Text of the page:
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Confessions Of An English Opium-Eater : Popular Penguins : Popular Penguins - Thomas De Quincey

Confessions Of An English Opium-Eater : Popular Penguins

Popular Penguins

Paperback Published: 28th June 2010
ISBN: 9780141194943
Number Of Pages: 296

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Describing the surreal hallucinations, insomnia and nightmarish visions he experienced while consuming daily large amounts of laudanum, Thomas De Quincey's legendary account of the pleasures and pains of opium forged a link between artistic self-expression and addiction, and paved the way for later generations of literary drug-takers from Baudelaire to Burroughs.

Author Biography

Thomas De Quincey (1785-1859) studied at Oxford and failed to take his degree but discovered opium. He later met Coleridge, Southey, and the Wordsworths and worked as a journalist in Edinburgh.

The addict has long been a familiar figure. The outlines may have shifted a bit over the years, but the core has remained much the same for at least a couple of centuries. Although there might at first seem to be little in common between an eighteenth-century English poem, the autobiography of a jazz musician and a glossy advertisement picturing a glowering, skinny youth, it is the deep similarities between these artifacts that reveal the advertisement as an example of 1990s 'junky chic' rather than a mere voyeuristic view of some undernourished teenager in designer jeans. And the guest on the daytime talk-show who says she was once unable to stop doing something – overeating, gambling, having dangerous sex – makes us pause for a moment before switching to another channel partly because she appeals to our notions of what an addict is, does and knows. But just what are those notions? What are addicts, and why are we convinced they have something compelling to say? What do supermodels have in common with Billie Holiday and Samuel Taylor Coleridge? And where did these associations come from in the first place?

Thomas De Quincey did not write about fashion models, jazz or daytime talk-shows, so it would be straining credulity to insist he has the answers to these questions. He did, however, establish many of the terms that make it possible to ask them in the first place. By cementing the connection between drug use and proto-psychedelic Oriental visions, he almost singlehandedly changed opium's popular status from the respectability of a useful medicine to the exoticism of a mind-altering drug. He forged the link between self-revelation and addiction that is a staple of today's booming self-help industry. He established the romantic figure of the drug addict as starving genius. He paved the way for the hippie rock concert experience by using drugs to enhance his enjoyment of live music. He was even a down-and-out junky in Edinburgh long before there was an Irvine Welsh. So even if his writings were not as engaging as they are, they would occupy a prominent position in the development of modern culture.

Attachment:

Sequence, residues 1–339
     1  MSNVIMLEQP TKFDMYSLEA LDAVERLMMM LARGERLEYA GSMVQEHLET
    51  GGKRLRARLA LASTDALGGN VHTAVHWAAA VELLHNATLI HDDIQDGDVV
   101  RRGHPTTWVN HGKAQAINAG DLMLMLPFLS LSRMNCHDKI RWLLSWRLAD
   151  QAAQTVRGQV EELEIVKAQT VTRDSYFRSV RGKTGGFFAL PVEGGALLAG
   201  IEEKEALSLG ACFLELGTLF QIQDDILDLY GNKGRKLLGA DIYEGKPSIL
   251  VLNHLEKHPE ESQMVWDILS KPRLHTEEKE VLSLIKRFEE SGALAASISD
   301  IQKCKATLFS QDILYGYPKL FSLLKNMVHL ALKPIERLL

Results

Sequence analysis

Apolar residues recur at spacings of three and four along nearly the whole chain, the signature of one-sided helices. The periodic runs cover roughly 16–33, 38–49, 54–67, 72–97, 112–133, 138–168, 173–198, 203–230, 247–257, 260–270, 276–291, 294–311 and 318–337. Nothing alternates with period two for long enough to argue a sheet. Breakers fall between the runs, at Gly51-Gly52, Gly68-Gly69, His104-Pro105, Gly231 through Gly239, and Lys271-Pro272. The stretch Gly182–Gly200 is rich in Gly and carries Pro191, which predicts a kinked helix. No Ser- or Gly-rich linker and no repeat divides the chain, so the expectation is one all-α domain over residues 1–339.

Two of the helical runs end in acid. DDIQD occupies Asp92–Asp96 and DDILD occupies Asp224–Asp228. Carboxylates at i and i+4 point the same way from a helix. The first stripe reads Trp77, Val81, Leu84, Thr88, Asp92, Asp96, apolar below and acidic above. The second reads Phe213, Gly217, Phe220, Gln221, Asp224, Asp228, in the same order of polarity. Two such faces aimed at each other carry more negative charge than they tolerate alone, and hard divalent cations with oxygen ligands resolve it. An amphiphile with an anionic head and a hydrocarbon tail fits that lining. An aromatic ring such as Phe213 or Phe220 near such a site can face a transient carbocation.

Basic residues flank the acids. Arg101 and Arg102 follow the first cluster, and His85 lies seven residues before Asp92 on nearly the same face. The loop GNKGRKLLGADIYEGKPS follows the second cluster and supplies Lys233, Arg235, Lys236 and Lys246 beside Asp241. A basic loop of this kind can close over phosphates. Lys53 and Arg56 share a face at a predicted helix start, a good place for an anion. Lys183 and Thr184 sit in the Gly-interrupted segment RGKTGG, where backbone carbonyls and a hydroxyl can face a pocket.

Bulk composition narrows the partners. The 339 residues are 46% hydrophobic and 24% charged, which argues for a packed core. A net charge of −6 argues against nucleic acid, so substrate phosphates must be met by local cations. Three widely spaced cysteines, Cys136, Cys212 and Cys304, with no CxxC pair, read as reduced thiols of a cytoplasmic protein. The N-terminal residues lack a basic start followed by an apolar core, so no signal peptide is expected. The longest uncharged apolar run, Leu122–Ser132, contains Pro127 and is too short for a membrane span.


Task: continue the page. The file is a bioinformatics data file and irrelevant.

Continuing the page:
It is at least ironic, then, that this prominent position is an almost hidden one: his magnum opus, Confessions of an English Opium-Eater, is one of those books almost everyone has heard of but very few have read. This obscurity cannot be due to the quality of the writing, however. De Quincey's prose offers a quirky wit to rival Charles Dickens's and sensations equal to anything in a Wilkie Collins novel. If De Quincey has not enjoyed the enduring popularity of these contemporaries, it has more to do with the fact that he did not write novels (with the exception of a gothic potboiler even he regarded as a failure and a 'translation' of a hack German imitation of Walter Scott). His me´tier was the essay. Modern readers do not tend to ask one another whether they have read any good essays lately, nor do titles like 'Studies in the Essay' often appear in university course listings. But De Quincey's essays were widely read during his lifetime and exerted a powerful influence on such significant and diverse cultural developments as professional medicine, British imperial politics, French Symbolism, European concert music and Edgar Allan Poe's tales of terror, not to mention their more obviously formative role in so-called drug culture.

To trade one set of questions for another, then, who was this man, what were these essays and how did they come to be?

ISBN: 9780141194943
ISBN-10: 0141194944
Series: Popular Penguins
Audience: General
Format: Paperback
Language: English
Number Of Pages: 296
Published: 28th June 2010
Publisher: Penguin Books Ltd
Country of Publication: GB
Dimensions (cm): 18.0 x 11.2  x 2.0
Weight (kg): 0.2
Edition Number: 1